Skirts the edges between romance and fantasy

Loosely based on the 19th century novella of Friedrich de la Motte Fouque about an aquatic spirit who must marry a knight to gain a soul, but has to kill him if he is unfaithful, German director Christian Petzold's ("Transit") Undine weaves a tale that skirts the edges between romance and fantasy. Reuniting the stars of "Transit," Paula Beer ("Never Look Away"), winner of the Silver Bear Award at the Berlin Film Festival and Franz Rogowski ("A Hidden Life"), the film seems like a risky departure from the director's recent work about people caught in the traumatic events of contemporary European history, yet it propels his ideas about timelessness and the notion that the past is always present, even though the form may change. Set in present-day Berlin, a city that was ironically founded on water, Undine, opens a door to the past with its repetition of the lovely Bach's adagio from his Concerto in D Minor. Beer is Undine, a free-lance historian and museum guide who lectures international groups on Berlin's Urban Development project located on Berlin's Museum Island, connecting the city's ties to its past. In particular, she talks about the city's Humboldt Forum project, a partial reconstruction of the demolished 18th century Berlin Palace, explaining that the castle was demolished during the Socialist era and is now being reconstructed. Without prior knowledge of the fairy tale, which Petzold may assume we all know, Undine's nature is unclear. She looks and acts human, although there is strangeness about her silences and long, penetrating looks. According to the director, "she is a little bit like a ghost, like a phantom." Petzold does not reveal Undine's true nature but clues to her real self emerge when her aloofness and seemingly robotic manner begin to define her presence. In the opening scene, Undine sits outside a Berlin café with her boyfriend, Johannes (Jacob Matschenz, "A Regular Woman"). Johannes threatens to leave her for another woman but is reminded that if he leaves her, she will kill him. Only a half hour later, she runs into Christoph (Rogowski), an industrial diver who has a warm, outgoing personality and Johannes is temporarily forgotten. After an aquarium tank explodes, they lie together on the floor in a pool of water, dead fish, and broken glass, staring into each other's eyes. As he picks pieces of glass from her blouse in a scene that is romantic, surreal, and comic, his caring gives her a sense of what it feels like to be loved. Of course, the irony here is that he works underwater, while she, a water spirit, lives and works on land. Though their romance is real, Petzold declared, "They were like two dancers who get very close, but like in tango, they still keep a certain distance, which shows the respect they have for each other." The chemistry between them is strong, however, and their relationship can be enjoyed with or without knowledge of the story's mythological roots. Working underwater, after confronting a giant catfish ostensibly without fear, Christoph sees Undine's name displayed on an ancient arch deep beneath the surface and takes her diving on their first date to see her name. She momentarily disappears before floating to the surface, her diving apparatus stripped allowing Christof to further bond by resuscitating her. According to legend, if Undine returns to her roots, she must remain there. She is, however, a rule breaker who is not beholden to either legend or men. Undine is challenging to unravel but in its essence, it is a tribute to the strength and independence of women or, as a recent popular song might put it, to "the power of love." As Petzold describes it, "Struggling against domination, Undine exists only through men. Then along comes a man, a proletarian, an industrial diver, who interferes with the curse. He is not suspicious; he's innocent and for the first time seems to see her primarily without any sexual desire and without wanting to dominate her. This is new for her, and a path to a new world seems possible."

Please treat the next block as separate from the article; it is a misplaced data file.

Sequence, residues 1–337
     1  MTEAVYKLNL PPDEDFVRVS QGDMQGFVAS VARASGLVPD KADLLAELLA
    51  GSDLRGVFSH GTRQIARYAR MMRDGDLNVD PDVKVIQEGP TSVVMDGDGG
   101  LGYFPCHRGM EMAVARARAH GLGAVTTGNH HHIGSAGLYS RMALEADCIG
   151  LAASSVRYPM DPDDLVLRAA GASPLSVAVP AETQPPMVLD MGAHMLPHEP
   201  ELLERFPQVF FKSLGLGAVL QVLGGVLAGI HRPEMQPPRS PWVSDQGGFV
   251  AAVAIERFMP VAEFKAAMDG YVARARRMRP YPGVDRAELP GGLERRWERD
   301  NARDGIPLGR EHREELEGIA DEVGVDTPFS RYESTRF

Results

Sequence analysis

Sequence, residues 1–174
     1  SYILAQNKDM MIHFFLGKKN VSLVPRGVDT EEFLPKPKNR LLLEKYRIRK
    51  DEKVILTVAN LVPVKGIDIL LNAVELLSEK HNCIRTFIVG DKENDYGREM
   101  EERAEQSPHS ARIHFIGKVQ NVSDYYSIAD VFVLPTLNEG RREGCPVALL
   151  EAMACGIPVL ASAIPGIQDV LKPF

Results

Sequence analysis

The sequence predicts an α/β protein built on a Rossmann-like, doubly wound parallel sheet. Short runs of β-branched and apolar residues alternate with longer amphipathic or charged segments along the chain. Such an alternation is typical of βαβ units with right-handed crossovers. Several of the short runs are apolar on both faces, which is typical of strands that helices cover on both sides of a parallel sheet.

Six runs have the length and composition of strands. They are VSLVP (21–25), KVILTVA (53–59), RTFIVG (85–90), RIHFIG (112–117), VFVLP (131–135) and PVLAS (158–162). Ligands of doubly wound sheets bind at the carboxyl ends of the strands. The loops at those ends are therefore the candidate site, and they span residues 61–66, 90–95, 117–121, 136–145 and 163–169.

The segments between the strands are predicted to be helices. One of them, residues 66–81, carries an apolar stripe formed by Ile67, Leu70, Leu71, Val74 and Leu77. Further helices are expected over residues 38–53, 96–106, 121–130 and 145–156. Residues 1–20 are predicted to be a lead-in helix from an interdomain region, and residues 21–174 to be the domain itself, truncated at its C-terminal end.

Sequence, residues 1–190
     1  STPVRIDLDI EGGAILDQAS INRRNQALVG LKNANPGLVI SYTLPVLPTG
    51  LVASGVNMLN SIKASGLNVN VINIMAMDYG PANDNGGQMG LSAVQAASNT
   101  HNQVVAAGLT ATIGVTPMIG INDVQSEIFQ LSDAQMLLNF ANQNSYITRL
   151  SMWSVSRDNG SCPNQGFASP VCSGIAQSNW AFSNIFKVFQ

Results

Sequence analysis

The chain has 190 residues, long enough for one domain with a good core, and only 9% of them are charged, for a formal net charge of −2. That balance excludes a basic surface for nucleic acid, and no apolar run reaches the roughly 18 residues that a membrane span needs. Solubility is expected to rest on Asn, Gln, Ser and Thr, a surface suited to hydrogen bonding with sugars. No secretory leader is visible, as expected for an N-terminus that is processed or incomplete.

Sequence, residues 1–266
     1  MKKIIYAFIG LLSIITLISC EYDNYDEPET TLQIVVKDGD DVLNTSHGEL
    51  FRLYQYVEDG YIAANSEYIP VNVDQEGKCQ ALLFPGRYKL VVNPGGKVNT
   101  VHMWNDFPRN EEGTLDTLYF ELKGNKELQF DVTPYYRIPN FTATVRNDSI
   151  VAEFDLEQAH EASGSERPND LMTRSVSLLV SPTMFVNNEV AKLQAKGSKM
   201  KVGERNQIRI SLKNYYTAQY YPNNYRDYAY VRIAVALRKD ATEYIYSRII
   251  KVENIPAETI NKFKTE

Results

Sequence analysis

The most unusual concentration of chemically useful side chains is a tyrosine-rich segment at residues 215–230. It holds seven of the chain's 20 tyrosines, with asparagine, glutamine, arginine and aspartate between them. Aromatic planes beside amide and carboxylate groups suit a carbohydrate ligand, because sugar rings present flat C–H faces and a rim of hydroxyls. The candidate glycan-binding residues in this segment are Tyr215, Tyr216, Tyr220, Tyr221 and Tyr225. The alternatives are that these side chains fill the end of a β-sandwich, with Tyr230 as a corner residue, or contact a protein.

Reviewed by denis-23791 7 / 10 / 10

Modern fairytale romance

Very well played by the main cast, but not necessarily deserved Golden Bear for best actress. Nice underwater shots and a warm story about love, deception, hope and destiny. Not so much a must-see and not necessarily A-festival Competition material, but enjoyable to watch.